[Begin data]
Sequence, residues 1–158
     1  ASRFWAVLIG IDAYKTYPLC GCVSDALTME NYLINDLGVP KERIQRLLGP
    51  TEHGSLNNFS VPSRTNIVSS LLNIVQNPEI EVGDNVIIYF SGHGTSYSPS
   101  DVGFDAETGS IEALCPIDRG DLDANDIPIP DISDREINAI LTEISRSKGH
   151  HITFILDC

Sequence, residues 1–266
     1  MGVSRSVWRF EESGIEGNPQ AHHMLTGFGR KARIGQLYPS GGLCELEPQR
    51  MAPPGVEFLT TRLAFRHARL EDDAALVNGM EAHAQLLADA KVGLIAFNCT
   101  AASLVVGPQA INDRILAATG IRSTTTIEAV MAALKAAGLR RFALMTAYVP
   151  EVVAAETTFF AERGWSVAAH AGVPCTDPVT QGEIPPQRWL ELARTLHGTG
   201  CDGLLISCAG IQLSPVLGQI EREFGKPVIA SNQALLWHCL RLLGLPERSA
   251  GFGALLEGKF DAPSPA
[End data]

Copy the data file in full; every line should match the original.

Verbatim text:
Sequence, residues 1–158
     1  ASRFWAVLIG IDAYKTYPLC GCVSDALTME NYLINDLGVP KERIQRLLGP
    51  TEHGSLNNFS VPSRTNIVSS LLNIVQNPEI EVGDNVIIYF SGHGTSYSPS
   101  DVGFDAETGS IEALCPIDRG DLDANDIPIP DISDREINAI LTEISRSKGH
   151  HITFILDC

Sequence, residues 1–266
     1  MGVSRSVWRF EESGIEGNPQ AHHMLTGFGR KARIGQLYPS GGLCELEPQR
    51  MAPPGVEFLT TRLAFRHARL EDDAALVNGM EAHAQLLADA KVGLIAFNCT
   101  AASLVVGPQA INDRILAATG IRSTTTIEAV MAALKAAGLR RFALMTAYVP
   151  EVVAAETTFF AERGWSVAAH AGVPCTDPVT QGEIPPQRWL ELARTLHGTG
   201  CDGLLISCAG IQLSPVLGQI EREFGKPVIA SNQALLWHCL RLLGLPERSA
   251  GFGALLEGKF DAPSPA